The Van Kalker photographic collection is a vault of private moments in which special events such as weddings, birthdays, graduations and christenings were immortalised and memorialised. They offer an intimate yet still unfolding account of the city of Cape Town and its people.
The Van Kalker Studio, started by the late J. G. Van Kalker in 1937 at 47 Victoria Street, Woodstock, became one of the most popular photo studios in Cape Town. Against a backdrop of increasing segregation which later culminated in apartheid in 1948, Van Kalker provided a space in which aspirations and fantasies could be articulated through poses, props, clothing and accessories. The studio provided a space where, for a brief moment, sitters could be free from the harsh realities of their socio-economic and political circumstances. Nestled between a café adjacent to The Gem bioscope and a men’s clothing shop, the Van Kalker studio occupied a tiny space in the Trafalgar Buildings on the busy main street of Woodstock, which always seemed to be teeming with shops, people and traffic. Trained as a photographer in Europe, Van Kalker immigrated to South Africa from the Netherlands just before the start of World War II. Primarily a commercial photographer, he appealed to the burgeoning working class communities of District Six, Salt River, Woodstock and other surrounding areas partly because of his ability to take a good photograph and because the studio was located on a main transport route.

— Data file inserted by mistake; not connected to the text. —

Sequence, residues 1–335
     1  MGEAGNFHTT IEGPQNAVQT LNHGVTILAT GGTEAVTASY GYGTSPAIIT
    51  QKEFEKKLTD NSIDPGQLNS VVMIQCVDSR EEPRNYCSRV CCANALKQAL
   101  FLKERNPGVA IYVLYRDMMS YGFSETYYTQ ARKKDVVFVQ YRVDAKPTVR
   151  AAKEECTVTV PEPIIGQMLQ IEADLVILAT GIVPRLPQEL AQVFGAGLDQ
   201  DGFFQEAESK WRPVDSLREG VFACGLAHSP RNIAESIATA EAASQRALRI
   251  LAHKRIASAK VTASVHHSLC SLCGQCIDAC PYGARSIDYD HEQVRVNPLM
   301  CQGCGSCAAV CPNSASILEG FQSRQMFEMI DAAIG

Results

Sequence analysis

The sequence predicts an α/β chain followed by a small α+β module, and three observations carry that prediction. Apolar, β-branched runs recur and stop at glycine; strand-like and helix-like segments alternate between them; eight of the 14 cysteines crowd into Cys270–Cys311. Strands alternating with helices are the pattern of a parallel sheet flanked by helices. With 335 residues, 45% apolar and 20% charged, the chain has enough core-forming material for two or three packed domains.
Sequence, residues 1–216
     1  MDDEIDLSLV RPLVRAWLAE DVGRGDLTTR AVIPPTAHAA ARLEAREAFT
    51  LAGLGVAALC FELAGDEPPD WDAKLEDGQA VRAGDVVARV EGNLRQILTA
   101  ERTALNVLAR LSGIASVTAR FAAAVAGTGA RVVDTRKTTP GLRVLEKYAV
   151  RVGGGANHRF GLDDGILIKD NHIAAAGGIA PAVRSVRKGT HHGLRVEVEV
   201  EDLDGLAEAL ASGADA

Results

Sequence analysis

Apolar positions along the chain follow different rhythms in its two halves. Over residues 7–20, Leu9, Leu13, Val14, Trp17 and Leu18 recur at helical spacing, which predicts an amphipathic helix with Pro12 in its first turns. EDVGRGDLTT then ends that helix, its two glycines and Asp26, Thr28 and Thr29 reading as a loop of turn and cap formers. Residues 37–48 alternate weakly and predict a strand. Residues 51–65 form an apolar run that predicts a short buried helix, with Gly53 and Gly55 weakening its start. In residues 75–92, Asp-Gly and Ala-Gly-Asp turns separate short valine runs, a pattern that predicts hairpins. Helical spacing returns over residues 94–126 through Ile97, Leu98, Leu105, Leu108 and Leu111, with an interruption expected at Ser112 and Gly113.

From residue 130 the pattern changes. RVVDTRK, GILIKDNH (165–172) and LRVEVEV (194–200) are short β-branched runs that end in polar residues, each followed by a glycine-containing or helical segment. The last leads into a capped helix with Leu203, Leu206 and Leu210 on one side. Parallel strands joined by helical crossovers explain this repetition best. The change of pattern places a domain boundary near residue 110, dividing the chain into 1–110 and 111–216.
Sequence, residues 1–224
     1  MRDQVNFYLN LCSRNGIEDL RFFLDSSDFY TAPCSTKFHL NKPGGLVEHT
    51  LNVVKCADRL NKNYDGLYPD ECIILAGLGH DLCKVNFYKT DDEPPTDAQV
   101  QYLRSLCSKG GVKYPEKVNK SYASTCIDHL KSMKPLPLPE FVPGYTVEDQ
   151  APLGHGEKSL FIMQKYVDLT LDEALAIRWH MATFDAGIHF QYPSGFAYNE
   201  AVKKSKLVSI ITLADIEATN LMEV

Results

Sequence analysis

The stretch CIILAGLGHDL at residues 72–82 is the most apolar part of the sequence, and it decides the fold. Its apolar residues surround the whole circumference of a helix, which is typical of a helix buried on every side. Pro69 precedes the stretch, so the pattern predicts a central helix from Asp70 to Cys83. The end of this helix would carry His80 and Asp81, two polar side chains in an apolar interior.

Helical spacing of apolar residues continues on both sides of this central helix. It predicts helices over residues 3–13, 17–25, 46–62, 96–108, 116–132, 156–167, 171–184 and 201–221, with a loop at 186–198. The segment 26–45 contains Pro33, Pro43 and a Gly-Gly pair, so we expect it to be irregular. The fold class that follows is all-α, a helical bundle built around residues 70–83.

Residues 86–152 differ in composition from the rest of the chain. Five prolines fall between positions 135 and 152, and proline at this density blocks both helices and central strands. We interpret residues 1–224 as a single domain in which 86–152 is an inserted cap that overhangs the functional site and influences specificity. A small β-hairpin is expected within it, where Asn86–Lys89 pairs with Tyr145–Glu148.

The Van Kalker studio became part of many individuals and families’ traditions as sitters could present themselves as dignified and respectable. The act of having a photograph taken became an important tool for crafting self-knowledge and representation. Thus the Van Kalker photographs were treated in a special way as they found their way into collections of textured frames that went onto family mantelpieces, sideboards and walls. These spaces became shrines, “public statements of group achievement and assurance; private statements of devotion, past and present.”
The display of Van Kalker photographs as material objects, in prominent positions in the domestic interior, provided a way for many people to enter history without words. The photographs weave an ephemeral visual seam across time and space, connecting those geographically displaced through segregation and apartheid.
Adapted from G. Frieslaar, ‘Looking good, clean and fresh’: visual representations of the self in the Van Kalker Studio, Cape Town 1939 - 1978. (Unpublished MA Dissertation, University of the Western Cape, 2011)